Verified by Visa is preventing mobile commerce claims Mobgets

Alternative app platform Mobgets is getting hot under the collar about Verified by Visa and its incompatibility with mobiles and smartphones.

Independant mobile app platform Mobgets are very very angry with Verified by Visa; they’ve been complaining for 12 months and now they’re threatening a “case against both the banks and Verified by Visa for loss of income.” So what’s making them so hot under the collar? Well it’s all down to a submit button, and they’re so angry about it that they’ve also issued a very strongly worded release explaining their problems.

According to Mobgets,

“We make sure our sites meet the Payment Card Industy standards (PCI), we spend the time intergrating our sites with Verified by Visa where that extra security is added so that the customer knows that the site is secure and safe – so why cannot Verified by Visa and the banks then at least make the button that the customer has to click on to finish the purchase work on most mobiles?”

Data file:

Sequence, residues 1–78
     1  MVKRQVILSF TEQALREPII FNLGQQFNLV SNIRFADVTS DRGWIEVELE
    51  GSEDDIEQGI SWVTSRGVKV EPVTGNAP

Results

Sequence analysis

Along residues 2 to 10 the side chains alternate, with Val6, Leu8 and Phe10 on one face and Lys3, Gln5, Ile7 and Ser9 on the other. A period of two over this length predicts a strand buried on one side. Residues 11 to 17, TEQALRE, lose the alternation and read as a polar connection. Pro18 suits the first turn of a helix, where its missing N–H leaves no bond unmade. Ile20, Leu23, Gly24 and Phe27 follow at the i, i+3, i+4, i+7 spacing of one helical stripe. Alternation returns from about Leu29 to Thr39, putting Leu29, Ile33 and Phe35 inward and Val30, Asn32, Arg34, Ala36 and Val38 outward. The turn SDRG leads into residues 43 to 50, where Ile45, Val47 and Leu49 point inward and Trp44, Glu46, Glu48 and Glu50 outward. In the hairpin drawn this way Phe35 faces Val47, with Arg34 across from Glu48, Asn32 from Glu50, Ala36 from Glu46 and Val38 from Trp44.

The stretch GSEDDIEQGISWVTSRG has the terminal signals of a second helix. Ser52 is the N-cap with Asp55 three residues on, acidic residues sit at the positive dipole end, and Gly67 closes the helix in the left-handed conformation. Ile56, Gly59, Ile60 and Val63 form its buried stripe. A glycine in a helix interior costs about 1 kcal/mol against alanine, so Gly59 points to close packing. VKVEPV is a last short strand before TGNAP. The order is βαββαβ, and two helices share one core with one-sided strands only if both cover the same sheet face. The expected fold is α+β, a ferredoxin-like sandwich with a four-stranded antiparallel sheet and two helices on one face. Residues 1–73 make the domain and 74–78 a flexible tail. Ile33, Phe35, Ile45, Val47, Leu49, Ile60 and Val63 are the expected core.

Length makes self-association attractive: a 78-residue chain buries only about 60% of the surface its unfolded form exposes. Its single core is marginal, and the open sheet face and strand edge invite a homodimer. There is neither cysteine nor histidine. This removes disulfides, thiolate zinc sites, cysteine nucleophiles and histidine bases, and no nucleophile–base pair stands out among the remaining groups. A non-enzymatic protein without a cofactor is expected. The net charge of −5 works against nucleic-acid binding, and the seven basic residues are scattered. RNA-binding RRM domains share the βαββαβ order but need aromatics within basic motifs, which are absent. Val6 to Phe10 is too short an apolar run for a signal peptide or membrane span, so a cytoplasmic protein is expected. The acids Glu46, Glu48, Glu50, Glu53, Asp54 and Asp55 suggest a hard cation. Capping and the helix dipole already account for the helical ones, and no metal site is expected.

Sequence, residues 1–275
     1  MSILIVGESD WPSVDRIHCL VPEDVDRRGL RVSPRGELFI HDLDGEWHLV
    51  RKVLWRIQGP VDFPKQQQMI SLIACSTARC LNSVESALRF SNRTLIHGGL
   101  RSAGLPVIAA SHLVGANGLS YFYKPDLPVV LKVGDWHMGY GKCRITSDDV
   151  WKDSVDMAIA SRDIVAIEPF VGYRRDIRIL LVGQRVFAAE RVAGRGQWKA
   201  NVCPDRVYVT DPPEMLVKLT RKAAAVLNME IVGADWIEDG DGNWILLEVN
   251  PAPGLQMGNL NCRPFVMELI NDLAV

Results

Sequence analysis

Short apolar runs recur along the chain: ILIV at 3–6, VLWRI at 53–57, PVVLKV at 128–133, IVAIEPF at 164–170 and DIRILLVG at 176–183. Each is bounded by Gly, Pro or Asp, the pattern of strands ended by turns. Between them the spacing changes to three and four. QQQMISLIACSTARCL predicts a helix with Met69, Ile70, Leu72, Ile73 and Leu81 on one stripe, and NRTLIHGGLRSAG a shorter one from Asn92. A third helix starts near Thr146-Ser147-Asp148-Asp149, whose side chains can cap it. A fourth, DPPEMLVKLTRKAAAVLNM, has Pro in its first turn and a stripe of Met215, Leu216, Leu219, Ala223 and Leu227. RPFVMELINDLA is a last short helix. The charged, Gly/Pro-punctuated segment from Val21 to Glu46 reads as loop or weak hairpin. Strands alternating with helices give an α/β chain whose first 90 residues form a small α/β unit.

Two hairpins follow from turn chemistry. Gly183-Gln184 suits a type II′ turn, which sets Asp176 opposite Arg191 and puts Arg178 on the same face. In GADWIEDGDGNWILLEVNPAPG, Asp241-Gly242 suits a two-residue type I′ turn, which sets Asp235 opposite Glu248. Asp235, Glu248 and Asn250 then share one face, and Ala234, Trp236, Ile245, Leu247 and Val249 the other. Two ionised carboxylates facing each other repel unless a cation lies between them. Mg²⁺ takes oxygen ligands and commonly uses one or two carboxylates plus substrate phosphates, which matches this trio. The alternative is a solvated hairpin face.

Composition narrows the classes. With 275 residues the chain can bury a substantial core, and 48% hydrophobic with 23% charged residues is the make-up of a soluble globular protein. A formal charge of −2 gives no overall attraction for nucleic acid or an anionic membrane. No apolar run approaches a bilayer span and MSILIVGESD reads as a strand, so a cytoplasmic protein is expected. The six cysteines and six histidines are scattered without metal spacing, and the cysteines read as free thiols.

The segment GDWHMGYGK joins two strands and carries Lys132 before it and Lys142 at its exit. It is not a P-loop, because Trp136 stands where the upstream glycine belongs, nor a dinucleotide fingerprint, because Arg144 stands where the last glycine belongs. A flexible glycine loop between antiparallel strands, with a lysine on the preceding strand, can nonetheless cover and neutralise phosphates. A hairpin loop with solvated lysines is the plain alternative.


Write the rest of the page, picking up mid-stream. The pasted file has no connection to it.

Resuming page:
The problem with the Verified by Visa submit button seems to be that it’s heavily reliant on JavaScript, and hence it’s only going to work on mobiles that are JavaScript compatible, which rules out a substantial number of mobiles. However even when they’re compatible there’s still a problem as nobody seems prepared to take the blame and the people behind Verified by Visa just aren’t listening and don’t seem to give a monkeys about anyone buying over mobile.

“Mobgets have witnessed this issue using high-end smartphones using the standard mobile Internet Explorer and latest Opera mini with JavaScript enabled and disabled, and record that at least two Banks – Barclays and BNP Paribas who are hosting the Verified by Visa pages cannot submit, and finish processing the order. Having tried to raise the issue with the banks and Verified by Visa, both assume it is the responsibility of each other, though the code certainly looks as if it is being supplied to the banks by Verified by Visa.”

Mobgets recommends that Verified by Visa should only use JavaScript if the mobile supports JavaScript, and only the level of JavaScript that the phone can support. The other option is to just ensure that the submit button is not reliant on JavaScript at all when a device is using the Verified by Visa form and just use what is called server side form submission.

This comes as absolutely no surprise to us having seen how Verified by Visa handled complaints from the e-commerce sector when the system first went live. We fully support Mobgets. Have you had problems with Verified by Visa? Let us know we’d be interested to hear about any problems.

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